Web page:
Tombstone Blues

From Wikipedia, the free encyclopedia
Jump to navigation Jump to search
"Tombstone Blues"
Song by Bob Dylan
from the album Highway 61 Revisited
ReleasedAugust 30, 1965
RecordedJuly 29, 1965
StudioColumbia Studios, New York
GenreGarage rock[1]
Songwriter(s)Bob Dylan
Producer(s)Bob Johnston
Highway 61 Revisited track listing

"Tombstone Blues" is the second track of Bob Dylan's 1965 album Highway 61 Revisited. Musically it is influenced by the blues, while the lyrics are typical of Dylan's surreal style of the period, with such lines as "the sun's not yellow, it's chicken".

A live recording of the song, made for MTV in November 1994, was released on MTV Unplugged in 1995.

The song was performed by Marcus Carl Franklin and Richie Havens in I'm Not There, the film based on Dylan's life. The soundtrack version is performed solely by Havens. Two lines from the song, spoken by the "Commander in Chief" – "Death to all those who would whimper and cry" and "The sun's not yellow; it's chicken" – are spoken by a digitally manipulated Lyndon B. Johnson in another scene in the film.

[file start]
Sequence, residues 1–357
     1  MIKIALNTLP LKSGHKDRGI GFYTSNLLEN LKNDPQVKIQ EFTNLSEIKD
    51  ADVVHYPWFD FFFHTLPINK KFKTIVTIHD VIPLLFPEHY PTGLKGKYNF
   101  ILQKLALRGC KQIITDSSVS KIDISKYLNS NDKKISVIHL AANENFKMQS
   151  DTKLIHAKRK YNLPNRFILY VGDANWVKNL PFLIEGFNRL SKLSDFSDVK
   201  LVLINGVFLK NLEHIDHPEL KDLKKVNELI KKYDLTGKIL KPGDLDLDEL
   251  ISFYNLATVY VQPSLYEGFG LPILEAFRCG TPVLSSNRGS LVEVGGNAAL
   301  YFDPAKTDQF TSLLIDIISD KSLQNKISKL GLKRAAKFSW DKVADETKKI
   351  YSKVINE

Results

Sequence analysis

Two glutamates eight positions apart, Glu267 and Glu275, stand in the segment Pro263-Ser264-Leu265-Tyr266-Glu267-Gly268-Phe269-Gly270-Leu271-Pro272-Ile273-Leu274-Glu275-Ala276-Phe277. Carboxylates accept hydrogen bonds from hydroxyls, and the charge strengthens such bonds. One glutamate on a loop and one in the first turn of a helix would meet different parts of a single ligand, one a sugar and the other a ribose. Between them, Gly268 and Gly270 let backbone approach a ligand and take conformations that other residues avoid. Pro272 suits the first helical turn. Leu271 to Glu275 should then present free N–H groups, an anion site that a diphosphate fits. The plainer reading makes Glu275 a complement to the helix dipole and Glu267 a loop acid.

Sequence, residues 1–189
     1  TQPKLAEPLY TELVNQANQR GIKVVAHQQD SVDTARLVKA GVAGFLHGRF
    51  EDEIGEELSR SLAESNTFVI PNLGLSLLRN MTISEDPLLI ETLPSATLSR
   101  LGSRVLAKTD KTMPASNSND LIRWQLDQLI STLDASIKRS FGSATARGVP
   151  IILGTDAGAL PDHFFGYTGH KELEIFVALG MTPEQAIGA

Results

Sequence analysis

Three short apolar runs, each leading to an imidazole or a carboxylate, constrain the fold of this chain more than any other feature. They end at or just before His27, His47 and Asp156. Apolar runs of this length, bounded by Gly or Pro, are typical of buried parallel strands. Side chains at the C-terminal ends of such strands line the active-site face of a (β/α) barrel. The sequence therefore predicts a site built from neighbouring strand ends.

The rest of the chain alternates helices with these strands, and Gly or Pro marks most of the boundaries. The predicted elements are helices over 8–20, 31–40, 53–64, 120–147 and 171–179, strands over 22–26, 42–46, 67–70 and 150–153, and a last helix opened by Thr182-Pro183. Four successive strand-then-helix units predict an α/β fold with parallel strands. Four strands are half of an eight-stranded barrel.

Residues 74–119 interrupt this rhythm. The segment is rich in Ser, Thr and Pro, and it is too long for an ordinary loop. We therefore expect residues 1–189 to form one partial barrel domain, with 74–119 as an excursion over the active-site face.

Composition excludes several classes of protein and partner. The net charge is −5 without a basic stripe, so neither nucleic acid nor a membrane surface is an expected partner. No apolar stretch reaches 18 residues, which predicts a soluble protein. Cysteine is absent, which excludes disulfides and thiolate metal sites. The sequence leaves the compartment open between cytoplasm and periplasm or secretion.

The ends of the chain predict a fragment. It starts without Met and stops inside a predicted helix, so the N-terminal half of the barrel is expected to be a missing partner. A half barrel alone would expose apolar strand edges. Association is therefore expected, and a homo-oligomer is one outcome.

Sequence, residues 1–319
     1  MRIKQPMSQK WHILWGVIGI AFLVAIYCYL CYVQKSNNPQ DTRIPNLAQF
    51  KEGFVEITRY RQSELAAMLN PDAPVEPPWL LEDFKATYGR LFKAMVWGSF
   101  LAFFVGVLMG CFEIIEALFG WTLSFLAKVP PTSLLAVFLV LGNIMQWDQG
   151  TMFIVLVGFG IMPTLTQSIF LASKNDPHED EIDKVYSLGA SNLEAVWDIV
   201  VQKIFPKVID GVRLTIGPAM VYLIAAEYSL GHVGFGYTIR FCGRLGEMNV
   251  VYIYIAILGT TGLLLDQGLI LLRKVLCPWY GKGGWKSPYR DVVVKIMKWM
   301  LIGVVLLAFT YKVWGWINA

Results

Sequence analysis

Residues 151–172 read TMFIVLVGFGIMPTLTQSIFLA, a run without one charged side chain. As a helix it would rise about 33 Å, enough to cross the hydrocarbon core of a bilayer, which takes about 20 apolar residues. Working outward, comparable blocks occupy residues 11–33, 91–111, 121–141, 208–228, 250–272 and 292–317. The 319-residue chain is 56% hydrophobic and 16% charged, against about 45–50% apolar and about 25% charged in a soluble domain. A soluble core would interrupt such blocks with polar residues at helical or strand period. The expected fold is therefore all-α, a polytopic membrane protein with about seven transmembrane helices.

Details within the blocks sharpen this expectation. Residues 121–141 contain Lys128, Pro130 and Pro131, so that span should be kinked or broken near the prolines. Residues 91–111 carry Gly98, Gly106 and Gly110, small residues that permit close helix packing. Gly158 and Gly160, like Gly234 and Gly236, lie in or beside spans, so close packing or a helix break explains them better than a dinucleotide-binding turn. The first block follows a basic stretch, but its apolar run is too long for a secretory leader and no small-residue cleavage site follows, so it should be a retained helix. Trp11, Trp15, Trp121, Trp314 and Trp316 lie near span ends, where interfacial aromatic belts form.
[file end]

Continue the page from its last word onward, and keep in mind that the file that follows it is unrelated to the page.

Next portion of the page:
Sheryl Crow performed the song on her live album Sheryl Crow and Friends: Live from Central Park alongside Eric Clapton, Chrissie Hynde, Keith Richards, Stevie Nicks, Sarah McLachlan, and the Dixie Chicks.

Stephen King quotes from the song at the end of his first published novel Carrie. He uses the lines:

"Now I wish I could write you a melody so plain
That could hold you dear lady from going insane
That could ease you and cool you and cease the pain
Of your useless and pointless knowledge".

And again quotes from the song with the line:

"you will not die, it's not poison"

in chapter eleven of the novel Gerald's Game.


The lyrics fit the surreal style of the era, while being scathing of society and authority. The song contains several direct and indirect allusions to biblical characters as well as historical references.[2] For instance to John the Baptist, to which Dylan dedicates four lines:

"John the Baptist after torturing a thief
Looks up at his hero the Commander-in-Chief
Saying, “Tell me great hero, but please make it brief
Is there a hole for me to get sick in?”".[3]


  1. ^ Highway 61 Revisited review at AllMusic by Stephen Thomas Erlewine. Retrieved April 3, 2017.
  2. ^ "Bob Dylan – Tombstone Blues Lyrics". SongMeanings. Retrieved September 16, 2013.
  3. ^ "Tombstone Blues | The Official Bob Dylan Site". Retrieved April 3, 2017.

External links[edit]